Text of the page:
Oral literature or folk literature corresponds in the sphere of the spoken (oral) word to literature as literature operates in the domain of the written word. It thus forms a generally more fundamental component of culture, but operates in many ways as one might expect literature to do. The Ugandan scholar Pio Zirimu introduced the term orature in an attempt to avoid an oxymoron, but oral literature remains more common both in academic and popular writing.]citation needed[
Pre-literate societies, by definition, have no written literature, but may possess rich and varied oral traditions—such as folk epics, folklore, proverbs and folksong—that effectively constitute an oral literature. Even when these are collected and published by scholars such as folklorists and paremiographers, the result is still often referred to as "oral literature".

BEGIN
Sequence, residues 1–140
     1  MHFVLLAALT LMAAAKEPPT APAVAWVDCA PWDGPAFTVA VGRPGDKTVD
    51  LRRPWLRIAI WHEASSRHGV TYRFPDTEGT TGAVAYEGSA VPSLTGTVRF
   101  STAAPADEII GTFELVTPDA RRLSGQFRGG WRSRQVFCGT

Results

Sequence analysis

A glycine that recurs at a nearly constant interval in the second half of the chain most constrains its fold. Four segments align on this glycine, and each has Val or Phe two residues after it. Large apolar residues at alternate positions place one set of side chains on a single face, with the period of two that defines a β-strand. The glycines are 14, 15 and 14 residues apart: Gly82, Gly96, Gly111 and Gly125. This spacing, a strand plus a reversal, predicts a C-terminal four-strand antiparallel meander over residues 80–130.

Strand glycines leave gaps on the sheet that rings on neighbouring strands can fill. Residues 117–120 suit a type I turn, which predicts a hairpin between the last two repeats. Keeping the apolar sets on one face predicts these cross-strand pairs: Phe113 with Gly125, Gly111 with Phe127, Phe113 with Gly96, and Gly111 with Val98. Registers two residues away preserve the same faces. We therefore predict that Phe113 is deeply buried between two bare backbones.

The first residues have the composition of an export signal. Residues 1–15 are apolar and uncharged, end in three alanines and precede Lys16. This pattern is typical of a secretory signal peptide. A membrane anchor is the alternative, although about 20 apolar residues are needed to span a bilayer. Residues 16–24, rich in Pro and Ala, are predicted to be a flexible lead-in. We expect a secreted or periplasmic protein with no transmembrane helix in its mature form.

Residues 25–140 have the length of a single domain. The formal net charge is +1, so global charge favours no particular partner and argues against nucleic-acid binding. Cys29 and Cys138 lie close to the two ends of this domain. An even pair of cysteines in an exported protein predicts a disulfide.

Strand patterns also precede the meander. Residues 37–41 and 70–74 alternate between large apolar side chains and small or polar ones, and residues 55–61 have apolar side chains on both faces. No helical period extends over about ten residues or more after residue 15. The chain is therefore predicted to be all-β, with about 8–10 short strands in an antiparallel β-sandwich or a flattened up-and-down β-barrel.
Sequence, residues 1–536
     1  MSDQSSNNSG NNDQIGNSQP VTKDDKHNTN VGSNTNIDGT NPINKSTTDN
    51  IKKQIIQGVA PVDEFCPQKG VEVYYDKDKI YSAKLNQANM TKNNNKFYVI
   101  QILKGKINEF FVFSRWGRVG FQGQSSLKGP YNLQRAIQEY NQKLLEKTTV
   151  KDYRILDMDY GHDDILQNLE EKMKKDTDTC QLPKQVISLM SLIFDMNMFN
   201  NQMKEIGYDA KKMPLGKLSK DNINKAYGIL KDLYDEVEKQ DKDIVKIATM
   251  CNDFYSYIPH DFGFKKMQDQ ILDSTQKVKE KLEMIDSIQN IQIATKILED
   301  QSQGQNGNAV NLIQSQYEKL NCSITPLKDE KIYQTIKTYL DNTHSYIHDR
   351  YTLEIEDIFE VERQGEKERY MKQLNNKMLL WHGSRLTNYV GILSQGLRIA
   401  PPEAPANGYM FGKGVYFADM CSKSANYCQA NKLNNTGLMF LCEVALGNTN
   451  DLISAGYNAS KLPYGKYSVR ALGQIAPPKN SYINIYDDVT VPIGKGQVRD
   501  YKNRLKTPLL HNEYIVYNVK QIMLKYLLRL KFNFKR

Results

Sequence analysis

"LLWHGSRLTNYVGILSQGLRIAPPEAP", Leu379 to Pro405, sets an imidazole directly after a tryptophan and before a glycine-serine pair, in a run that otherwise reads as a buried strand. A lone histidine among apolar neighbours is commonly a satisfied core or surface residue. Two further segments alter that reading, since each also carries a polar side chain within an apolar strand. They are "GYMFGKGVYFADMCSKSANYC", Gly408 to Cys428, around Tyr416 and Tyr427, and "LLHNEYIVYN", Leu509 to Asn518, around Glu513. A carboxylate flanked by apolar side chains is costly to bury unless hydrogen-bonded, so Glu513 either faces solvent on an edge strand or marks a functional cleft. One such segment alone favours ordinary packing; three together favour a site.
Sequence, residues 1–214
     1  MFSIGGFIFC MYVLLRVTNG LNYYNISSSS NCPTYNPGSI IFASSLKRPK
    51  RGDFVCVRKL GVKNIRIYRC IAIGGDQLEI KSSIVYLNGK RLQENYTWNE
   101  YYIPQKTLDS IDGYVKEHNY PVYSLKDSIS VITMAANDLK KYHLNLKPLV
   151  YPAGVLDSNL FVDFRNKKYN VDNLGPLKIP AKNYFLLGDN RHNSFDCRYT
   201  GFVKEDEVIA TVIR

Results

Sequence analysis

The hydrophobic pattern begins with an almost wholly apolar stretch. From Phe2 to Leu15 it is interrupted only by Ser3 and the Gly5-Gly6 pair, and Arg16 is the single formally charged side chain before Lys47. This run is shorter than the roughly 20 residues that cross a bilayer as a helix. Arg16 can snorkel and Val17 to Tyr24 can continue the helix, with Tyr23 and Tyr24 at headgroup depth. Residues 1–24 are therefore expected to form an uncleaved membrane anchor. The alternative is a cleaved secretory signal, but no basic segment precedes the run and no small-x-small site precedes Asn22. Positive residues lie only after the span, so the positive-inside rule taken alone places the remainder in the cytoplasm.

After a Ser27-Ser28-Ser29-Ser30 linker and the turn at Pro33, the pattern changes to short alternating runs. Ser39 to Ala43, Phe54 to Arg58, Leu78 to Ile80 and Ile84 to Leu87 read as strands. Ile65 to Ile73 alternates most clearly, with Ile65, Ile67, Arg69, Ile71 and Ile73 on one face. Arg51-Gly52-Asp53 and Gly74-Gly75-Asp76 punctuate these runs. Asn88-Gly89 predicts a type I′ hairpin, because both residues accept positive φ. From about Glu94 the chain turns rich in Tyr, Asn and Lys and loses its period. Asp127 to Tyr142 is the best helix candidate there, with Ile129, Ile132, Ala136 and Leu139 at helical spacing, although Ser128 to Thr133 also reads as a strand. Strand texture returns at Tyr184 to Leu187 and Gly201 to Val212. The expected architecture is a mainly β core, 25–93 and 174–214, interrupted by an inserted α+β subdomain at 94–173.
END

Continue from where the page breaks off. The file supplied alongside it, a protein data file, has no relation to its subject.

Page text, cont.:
Vocal music is a genre of music performed by one or more singers, with or without instrumental accompaniment, in which singing (i.e. vocal performance) provides the main focus of the piece. Music which employs singing but does not feature it prominently is generally considered instrumental music (e.g. the wordless women's choir in the final movement of Holst's The Planets) as is music without singing. Music without any non-vocal instrumental accompaniment is referred to as a cappella.
Vocal music typically features sung words called lyrics, although there are notable examples of vocal music that are performed using non-linguistic syllables, sounds, or noises, sometimes as musical onomatopoeia. A short piece of vocal music with lyrics is broadly termed a song.